Tuesday, February 5, 2013

Chatsworth

Chatsworth
Below Haddon Hall the valley of the Wye broadens, with yet richer scenery, as it approaches the confluence of the Wye and Derwent at Rowsley, where the quaint old Peacock Inn, which was the manor-house of Haddon, bears over the door the date 1653, and the crest of the ducal House of Rutland, a peacock with tail displayed. Ascending for a short distance the valley of the Derwent, which washes the bases of the steep limestone hills, we come to Chatsworth. In sharp contrast with the ancient glories of Haddon is this modern ducal palace, for whose magnificence Bess of Hardwicke laid the foundation.

 This "Palace of the Peak" stands in a park covering over two thousand acres; the Derwent flows in front, over which the road to the palace is carried by a fine bridge. From the river a lawn gently slopes upward to the buildings, and the wooded hill which rises sharply behind them is surmounted by a hunting-tower, embosomed in trees. A herd of at least a thousand deer roam at will over the park, and have become very tame. Chatsworth is a brownish-yellow building, square and flat-topped, with a modern and more ornamental wing. Its front extends fully six hundred feet, and in parts it is of that depth.

The estate was bought in the sixteenth century by Sir William Cavendish, who built the original house, a quadrangular building with turrets, which was greatly extended by his wife. It was used as a fortress in the Civil Wars, and was considerably battered. The first Duke of Devonshire about the year 1700 rebuilt the mansion, employing the chief architects, artists, designers, and wood-carvers of his time, among them Sir Christopher Wren. In the grounds, not far from the bridge over the Derwent, is the "Bower of Mary Queen of Scots." There is a small, clear lake almost concealed by foliage, in the centre of which is a tower, and on the top a grass-grown garden, where are also several fine trees. Here, under guard, the captive was permitted to take the air. In those days she looked out upon a broad expanse of woods and moorland: now all around has been converted into gardens and a park.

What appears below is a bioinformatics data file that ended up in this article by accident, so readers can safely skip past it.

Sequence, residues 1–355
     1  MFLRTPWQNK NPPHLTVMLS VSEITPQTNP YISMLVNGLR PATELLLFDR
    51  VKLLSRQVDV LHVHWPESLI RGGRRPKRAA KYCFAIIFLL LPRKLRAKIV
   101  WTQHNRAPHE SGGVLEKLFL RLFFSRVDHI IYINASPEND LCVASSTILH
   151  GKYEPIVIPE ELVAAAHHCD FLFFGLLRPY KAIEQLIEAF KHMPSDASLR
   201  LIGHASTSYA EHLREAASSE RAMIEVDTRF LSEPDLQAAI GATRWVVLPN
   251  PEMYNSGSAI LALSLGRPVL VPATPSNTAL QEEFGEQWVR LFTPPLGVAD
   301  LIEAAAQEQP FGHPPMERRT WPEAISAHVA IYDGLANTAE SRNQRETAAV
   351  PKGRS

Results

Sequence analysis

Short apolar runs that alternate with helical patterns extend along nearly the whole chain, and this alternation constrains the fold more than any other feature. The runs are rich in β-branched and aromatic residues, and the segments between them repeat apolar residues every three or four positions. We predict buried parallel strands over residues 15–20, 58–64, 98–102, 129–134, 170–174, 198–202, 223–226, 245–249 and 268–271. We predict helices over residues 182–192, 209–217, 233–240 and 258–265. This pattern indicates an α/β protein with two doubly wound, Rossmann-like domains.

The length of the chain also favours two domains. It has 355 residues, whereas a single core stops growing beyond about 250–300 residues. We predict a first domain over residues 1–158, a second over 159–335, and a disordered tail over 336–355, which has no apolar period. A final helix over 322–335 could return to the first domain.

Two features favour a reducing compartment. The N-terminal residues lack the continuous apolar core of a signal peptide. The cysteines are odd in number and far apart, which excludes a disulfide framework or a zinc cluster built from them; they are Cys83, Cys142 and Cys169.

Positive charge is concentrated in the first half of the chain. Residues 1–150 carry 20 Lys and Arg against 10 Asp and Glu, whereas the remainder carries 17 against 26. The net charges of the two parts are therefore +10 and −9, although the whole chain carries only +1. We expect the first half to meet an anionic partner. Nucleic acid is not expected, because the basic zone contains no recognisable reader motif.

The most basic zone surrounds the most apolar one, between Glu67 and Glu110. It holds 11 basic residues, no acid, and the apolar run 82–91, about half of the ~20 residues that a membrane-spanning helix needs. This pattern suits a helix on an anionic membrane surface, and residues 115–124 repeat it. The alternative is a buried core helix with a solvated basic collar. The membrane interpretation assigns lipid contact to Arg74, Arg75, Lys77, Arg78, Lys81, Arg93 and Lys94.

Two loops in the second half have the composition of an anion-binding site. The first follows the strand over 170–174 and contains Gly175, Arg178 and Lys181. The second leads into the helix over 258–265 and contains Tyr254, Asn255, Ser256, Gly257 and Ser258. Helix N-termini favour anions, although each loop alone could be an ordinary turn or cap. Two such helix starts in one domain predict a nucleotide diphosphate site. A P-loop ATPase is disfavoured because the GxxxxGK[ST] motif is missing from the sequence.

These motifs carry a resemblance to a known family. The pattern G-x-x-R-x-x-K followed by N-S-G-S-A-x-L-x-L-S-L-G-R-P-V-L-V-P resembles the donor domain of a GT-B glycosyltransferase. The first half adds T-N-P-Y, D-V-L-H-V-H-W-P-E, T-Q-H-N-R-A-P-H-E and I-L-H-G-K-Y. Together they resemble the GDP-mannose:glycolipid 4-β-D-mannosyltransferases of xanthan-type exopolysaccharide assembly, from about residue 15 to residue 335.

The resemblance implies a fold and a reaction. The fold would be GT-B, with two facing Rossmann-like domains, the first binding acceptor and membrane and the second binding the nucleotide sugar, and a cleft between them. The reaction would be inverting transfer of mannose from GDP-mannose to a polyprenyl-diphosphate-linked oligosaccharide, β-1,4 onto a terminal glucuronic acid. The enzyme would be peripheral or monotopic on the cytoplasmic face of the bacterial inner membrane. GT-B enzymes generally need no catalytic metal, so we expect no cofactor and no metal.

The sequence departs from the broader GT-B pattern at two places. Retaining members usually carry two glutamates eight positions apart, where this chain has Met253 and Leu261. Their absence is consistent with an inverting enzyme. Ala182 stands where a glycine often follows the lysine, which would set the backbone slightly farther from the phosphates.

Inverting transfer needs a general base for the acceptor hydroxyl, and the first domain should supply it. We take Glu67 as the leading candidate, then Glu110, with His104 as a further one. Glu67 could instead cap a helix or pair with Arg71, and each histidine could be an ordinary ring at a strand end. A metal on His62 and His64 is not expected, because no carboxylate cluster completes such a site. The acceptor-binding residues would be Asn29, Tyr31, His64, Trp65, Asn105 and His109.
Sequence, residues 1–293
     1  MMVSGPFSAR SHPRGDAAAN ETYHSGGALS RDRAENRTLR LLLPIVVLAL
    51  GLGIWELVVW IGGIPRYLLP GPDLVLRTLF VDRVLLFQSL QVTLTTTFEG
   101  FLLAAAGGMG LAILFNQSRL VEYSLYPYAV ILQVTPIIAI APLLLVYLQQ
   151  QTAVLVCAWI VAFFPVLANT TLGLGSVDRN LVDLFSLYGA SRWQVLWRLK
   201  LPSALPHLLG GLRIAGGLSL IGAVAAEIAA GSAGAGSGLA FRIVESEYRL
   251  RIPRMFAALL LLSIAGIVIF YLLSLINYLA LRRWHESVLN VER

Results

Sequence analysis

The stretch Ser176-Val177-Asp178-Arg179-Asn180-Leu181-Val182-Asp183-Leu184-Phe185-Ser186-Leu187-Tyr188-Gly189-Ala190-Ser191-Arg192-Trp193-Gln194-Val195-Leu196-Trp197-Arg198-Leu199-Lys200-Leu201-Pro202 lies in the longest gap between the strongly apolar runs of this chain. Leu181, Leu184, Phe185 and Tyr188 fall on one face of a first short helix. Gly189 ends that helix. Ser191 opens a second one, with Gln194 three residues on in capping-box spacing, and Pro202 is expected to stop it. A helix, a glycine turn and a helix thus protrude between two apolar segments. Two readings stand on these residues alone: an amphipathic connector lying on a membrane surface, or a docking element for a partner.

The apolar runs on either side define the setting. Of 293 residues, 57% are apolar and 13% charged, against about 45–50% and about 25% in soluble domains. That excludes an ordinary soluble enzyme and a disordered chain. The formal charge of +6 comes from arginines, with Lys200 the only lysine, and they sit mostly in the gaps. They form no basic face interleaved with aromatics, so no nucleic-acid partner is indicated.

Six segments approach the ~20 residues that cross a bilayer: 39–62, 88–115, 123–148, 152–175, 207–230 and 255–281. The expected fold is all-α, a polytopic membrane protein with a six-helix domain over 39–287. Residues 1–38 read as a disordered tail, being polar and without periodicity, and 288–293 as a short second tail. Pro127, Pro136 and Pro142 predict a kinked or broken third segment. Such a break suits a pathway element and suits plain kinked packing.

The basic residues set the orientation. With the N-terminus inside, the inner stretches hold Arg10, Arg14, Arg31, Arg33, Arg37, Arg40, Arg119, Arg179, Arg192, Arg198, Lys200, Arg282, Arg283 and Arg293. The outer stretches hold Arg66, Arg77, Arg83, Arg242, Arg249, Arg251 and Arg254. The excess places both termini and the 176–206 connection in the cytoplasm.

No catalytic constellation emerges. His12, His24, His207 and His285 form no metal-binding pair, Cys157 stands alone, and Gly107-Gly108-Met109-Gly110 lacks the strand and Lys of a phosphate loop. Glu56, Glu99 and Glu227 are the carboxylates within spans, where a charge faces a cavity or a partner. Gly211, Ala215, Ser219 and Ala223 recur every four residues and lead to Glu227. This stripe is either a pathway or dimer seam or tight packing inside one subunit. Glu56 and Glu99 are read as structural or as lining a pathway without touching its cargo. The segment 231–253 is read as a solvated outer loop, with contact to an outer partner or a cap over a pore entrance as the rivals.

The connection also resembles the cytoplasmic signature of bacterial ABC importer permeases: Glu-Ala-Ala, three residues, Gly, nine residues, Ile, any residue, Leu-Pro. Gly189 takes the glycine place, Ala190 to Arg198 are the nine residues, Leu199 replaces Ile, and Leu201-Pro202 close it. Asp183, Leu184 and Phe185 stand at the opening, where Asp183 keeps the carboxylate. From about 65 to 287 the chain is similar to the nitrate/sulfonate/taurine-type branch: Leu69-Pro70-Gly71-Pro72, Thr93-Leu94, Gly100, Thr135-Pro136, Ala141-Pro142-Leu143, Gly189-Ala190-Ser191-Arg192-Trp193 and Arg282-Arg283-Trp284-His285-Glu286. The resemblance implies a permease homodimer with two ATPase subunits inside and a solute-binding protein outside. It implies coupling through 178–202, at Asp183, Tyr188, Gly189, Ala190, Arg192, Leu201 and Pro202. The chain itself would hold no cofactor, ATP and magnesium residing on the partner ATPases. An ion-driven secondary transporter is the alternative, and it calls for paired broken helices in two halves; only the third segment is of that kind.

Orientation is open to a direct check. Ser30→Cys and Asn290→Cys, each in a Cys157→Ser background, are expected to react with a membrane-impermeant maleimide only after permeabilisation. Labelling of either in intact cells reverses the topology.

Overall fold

Entering the house through a magnificent gateway, the visitor is taken into the entrance-hall, where the frescoes represent the life and death of Julius C├Žsar; then up the grand staircase of amethyst and variegated alabaster guarded by richly-gilded balustrades. The gorgeously-embellished chapel is wainscoted with cedar, and has a sculptured altar made of Derbyshire marbles. The beautiful drawing-room opens into a series of state-apartments lined with choice woods and hung with Gobelin tapestries representing the cartoons of Raphael. Magnificent carvings and rare paintings adorn the walls, while the richest decorations are everywhere displayed. Over the door of the antechamber is a quill pen so finely carved that it almost reproduces the real feather. In the Scarlet Room are the bed on which George II. died and the chairs and footstools used at the coronation of George III.